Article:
For all the abundant controversies and screw-ups that have characterized President Trump’s time in office, it is the Russia scandal that will define this presidency more than anything else. And it may be time to reassess how it’s going to play out.

I say that because cynical analysts like myself have assumed up until now that the story will proceed in an almost orderly fashion. Special counsel Robert S. Mueller III will issue more indictments, reveal more wrongdoing by Trump and his associates and issue some kind of final report that will stand as a key historical document explaining one of the worst scandals in American history. The president will continue to call it a witch hunt, and his party will stand behind him. They will justify, excuse and explain away everything Trump and those around him did.

No matter what Trump is revealed to have done, it will be virtually impossible for him to be impeached and convicted, since that would require the agreement of a significant number of Republicans in the Senate, and they won’t see it in their interests to remove him from office. Their own fortunes are too deeply enmeshed with his, and their constituents wouldn’t stand for it. No matter how bad it gets, from where they stand, Trump being removed would be even worse. So Trump will stay in office, we’ll have two more years of scandal and increasingly erratic behavior, and in 2020 we’ll have another close election as Republican voters once again rally around their candidate, no matter how awful he might have proved himself to be.

That’s what has seemed like the most plausible progression of events given all the political, institutional and legal constraints that structure our system, and the interests of everyone involved. But there’s something important to keep in mind about presidential scandals. The amount of damage they do is a function of the facts of the case. Nothing could have saved President Richard M. Nixon given what he was revealed to have done in Watergate. And no matter how hard they tried and the resources they threw at the effort, Republicans couldn’t create a major scandal for Barack Obama for the simple reason that he never did anything scandalous, except in the fevered fantasies of conservatives.

But a president’s ability to weather a scandal is also a function of the strength he carries with him. And Trump could well get weaker and weaker over the next two years.

Just think about how he looks right now. The man widely regarded as the sanest of his national security team just quit, not long after Trump got rid of his attorney general and had trouble finding anyone who wanted to be his chief of staff. He’s about to force a government shutdown in order to advance a widely unpopular policy. A majority of the public believes he obstructed justice. He just suffered a historic defeat in the midterm elections. The stock market, previously his favorite metric of his success, has been swinging wildly. His former personal lawyer, campaign chairman, deputy campaign chairman and national security adviser have all pleaded guilty to crimes. His administration, his transition, his inauguration, his campaign, his foundation, and his business are all under investigation by various authorities.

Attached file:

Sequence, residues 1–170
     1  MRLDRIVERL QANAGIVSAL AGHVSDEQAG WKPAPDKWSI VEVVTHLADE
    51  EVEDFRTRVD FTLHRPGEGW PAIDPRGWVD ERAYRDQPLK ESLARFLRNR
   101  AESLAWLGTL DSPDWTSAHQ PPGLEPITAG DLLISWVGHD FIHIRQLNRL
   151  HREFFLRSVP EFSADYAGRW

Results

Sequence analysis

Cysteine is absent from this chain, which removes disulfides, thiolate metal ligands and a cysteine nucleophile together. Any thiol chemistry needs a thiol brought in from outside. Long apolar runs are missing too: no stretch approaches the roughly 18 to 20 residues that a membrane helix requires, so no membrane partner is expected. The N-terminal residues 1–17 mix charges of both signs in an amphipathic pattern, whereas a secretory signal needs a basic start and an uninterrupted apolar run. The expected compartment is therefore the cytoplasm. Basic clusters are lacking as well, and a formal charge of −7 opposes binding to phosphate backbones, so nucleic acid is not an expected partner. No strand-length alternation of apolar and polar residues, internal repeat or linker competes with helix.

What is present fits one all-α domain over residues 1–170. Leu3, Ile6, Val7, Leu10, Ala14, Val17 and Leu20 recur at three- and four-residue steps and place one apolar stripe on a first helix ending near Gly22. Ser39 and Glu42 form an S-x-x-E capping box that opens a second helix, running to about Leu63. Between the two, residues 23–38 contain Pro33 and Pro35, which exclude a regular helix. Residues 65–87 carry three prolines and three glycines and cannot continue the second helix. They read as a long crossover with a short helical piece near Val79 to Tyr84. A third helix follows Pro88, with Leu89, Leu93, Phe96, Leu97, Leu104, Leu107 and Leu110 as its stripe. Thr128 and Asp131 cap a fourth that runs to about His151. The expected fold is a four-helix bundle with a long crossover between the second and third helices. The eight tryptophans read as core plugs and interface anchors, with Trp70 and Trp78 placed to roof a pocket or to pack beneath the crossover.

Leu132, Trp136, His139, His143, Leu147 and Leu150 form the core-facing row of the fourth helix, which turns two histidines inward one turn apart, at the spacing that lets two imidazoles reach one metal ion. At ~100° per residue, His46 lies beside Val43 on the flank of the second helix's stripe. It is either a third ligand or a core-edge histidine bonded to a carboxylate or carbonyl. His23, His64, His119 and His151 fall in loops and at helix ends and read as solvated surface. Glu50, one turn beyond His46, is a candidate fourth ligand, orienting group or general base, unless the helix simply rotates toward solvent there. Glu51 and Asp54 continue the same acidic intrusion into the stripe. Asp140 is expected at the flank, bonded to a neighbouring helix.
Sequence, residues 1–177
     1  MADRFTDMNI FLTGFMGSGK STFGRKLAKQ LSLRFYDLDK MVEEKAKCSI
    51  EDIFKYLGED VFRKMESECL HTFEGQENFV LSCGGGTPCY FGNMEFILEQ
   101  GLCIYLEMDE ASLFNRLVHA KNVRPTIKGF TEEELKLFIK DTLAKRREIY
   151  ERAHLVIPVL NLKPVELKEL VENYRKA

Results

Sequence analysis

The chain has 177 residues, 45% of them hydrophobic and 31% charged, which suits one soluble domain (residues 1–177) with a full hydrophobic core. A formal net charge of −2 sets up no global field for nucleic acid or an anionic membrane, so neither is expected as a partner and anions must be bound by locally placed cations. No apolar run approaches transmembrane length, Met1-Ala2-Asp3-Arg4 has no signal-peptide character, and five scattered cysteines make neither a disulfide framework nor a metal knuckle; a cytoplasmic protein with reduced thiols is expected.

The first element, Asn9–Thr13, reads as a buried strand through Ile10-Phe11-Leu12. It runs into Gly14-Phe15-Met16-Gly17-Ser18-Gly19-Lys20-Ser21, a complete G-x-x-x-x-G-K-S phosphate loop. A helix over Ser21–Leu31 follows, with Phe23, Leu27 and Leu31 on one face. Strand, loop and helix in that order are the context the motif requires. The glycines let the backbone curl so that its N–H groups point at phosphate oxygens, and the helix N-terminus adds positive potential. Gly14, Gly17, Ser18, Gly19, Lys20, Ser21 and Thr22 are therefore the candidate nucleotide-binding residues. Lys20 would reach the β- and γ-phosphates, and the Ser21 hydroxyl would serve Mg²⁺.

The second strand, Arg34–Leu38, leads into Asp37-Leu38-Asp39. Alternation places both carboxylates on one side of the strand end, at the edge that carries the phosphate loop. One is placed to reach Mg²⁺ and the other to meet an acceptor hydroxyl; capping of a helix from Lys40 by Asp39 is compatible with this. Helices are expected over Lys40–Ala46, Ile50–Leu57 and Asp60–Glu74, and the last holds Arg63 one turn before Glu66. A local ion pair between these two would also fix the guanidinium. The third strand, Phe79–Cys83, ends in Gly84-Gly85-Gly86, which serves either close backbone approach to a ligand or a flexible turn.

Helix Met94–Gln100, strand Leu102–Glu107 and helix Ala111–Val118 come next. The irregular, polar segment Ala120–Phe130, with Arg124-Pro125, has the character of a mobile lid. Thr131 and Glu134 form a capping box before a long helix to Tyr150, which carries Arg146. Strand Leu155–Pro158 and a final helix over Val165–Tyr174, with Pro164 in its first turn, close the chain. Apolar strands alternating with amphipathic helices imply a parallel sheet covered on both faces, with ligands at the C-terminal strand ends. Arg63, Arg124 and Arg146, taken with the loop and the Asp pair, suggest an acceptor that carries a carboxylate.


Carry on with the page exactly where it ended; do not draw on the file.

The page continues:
All of that, and whatever else is on the way, affects Trump’s ability to withstand the Russia scandal. We saw just in the past couple of days how he was about to make a rational decision and put aside his dream of a border wall to avoid a government shutdown, then he was essentially forced by a mini-rebellion in right wing media to backtrack. The willingness of figures such as Rush Limbaugh and Laura Ingraham to attack him over that issue shows that their support is not absolute; he has to keep satisfying them to maintain it. The same is true of some Republicans in Congress, who were angered by Defense Secretary Jim Mattis’s resignation and Trump’s sudden announcement that he’d be pulling troops out of Syria.

Now consider that the Russia scandal is going to accelerate in the next couple of months. Mueller may be nearing the end of his work; NBC News reports that he plans to deliver a final report to the Justice Department by the end of February, a report that will almost certainly be made public one way or another. We still don't know exactly what the former Trump aides who have been talking to Mueller have told him, and what indictments could result. In addition, come January, Democrats in the House will begin holding their own hearings on the scandal, likely uncovering more information and bringing it before the public.

Trump could withstand all that if he was strong in other ways. If his party was unified behind him, and if the public as a whole thought he was doing a good job, voters might decide that whatever they thought of the big scandal, it didn't change their overall view of him. That's how Bill Clinton survived impeachment. But everything else that's going wrong reduces Trump's ability to dismiss the Russia scandal.

Now add in the fact that there will almost certainly be other scandals on the way. If and when Democrats get a hold of his tax returns, the chances that there will be nothing in them that is at a minimum appalling and at a maximum criminal are, given everything we know about Trump, approximately 0.0001 percent.

Nothing is guaranteed, of course. But all this suggests that as we march toward November 2020, Trump could get weaker and weaker, rendering him increasingly unable to avoid being defined by the Russia scandal. And what if, as many economists expect, the economy slows down some time soon? He’ll continue bleeding support, slowly and steadily.